Well, the question of God/No God has been around for a very long time. Philosophers over the past 4,000 years have struggled with this question and have wrestled with the various paradoxes that are generated by the very question. Saying there is no God/Greater Being also implies that humans are finite physical beings. Those that do not believe in God, also refuse to believe in the afterlife. If there is no afterlife, then whatever we do in this life is all we need to worry about. The minute we close our eyes, it's done. No regrets, no judgement, no Big God to answer to. If you don't believe in God, you most likely also believe that we have evolved from simple organisms to the complex organisms we are today. One of the driving forces behind evolution is survival of the fittest and self preservation at all costs.

    This is where the paradoxes begin to emerge. Much like the belief in God, the belief in some overreaching humanistic code of behavior or moral/ethical standards is just as dependent on faith of some kind. Faith in our Constitution, faith in the founding fathers, faith in the Magna Carta, faith in Democracy, faith in the goodness of people, faith in Obama, etc...

    In reality, why should we care about any of these things. If we are here for a very short time (in cosmic terms), why not make the very best of our short lives and live an ego-centric life. Why not focus on spreading your genes and your preferences as far and wide as you can. There is very little scientific or even philosophical reasoning not to do so. If people get killed by Katrina, then is that really something that I need to worry about? Does it really impact me? Does it reduce my chances of living my life as i please? Not really...unless I am one of the effected. In a world of 6 billion people, the chances that Katrina affects me are slim to zero.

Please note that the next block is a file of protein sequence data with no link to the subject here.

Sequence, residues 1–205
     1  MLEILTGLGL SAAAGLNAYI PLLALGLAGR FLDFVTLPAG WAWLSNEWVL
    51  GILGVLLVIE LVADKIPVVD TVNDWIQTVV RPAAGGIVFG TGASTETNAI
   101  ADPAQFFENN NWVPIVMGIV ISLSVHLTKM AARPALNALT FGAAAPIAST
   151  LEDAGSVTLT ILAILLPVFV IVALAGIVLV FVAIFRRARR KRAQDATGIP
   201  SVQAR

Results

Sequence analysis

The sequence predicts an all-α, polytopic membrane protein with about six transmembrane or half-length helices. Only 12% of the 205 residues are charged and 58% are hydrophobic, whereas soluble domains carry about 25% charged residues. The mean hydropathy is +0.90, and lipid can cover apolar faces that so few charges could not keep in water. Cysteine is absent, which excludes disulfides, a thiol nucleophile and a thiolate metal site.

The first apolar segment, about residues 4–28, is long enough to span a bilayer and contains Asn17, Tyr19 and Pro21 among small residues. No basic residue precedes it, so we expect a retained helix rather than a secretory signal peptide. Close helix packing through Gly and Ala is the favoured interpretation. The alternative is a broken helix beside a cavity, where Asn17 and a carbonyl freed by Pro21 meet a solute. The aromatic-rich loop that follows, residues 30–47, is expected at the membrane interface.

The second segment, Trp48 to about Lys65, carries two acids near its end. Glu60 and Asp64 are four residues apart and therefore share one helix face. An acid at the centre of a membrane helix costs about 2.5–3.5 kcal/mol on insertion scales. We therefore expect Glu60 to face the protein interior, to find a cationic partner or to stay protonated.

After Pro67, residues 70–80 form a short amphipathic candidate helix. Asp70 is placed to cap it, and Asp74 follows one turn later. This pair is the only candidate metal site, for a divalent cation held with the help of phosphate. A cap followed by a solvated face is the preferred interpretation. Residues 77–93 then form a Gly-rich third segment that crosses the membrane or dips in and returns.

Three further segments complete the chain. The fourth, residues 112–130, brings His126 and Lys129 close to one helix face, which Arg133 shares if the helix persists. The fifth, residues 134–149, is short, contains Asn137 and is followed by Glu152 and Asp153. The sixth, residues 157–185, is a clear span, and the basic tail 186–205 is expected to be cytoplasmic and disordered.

If you think this is an extreme concept then look at the massacres and genocides that have been going on since the dawn of man. From the very beginning of recorded history to more recent events in Germany, Russia, Cambodia, Rawanda, the Middle East. Look at our Mexican neighbors and their drug war today. Thousands killed and beheaded...for what? Power, money, bragging rights? There is a very fine line that separates ego driven brutality from societal stability. However, if you do not believe in God and you look at humanity simply from a scientific/evolutionary perspective, why condemn people like Hitler? What did he do wrong. He believed his gene pool and the gene pool of his people were superior to those of all other races and ethnicities...and he acted on it. He eliminated as many competitive genes/people as he could and planned to purify his gene pool further through world domination. From an atheistic perspective, one would have a hard time proving that he acted in a way that was evolutionarily irresponsible (for him). Now I'm no Nazi, but can we really ever blame, from a detached scientific perspective, any human behavior? Does it ever really matter? We are one species among millions/billions. We are on an insignificant planet in a small galaxy. If I am born and know that I will only have 80 years, then why not make it awesome for me regardless of the effects it might have on someone else. It just doesn't matter...especially if when I close my eyes, it's done.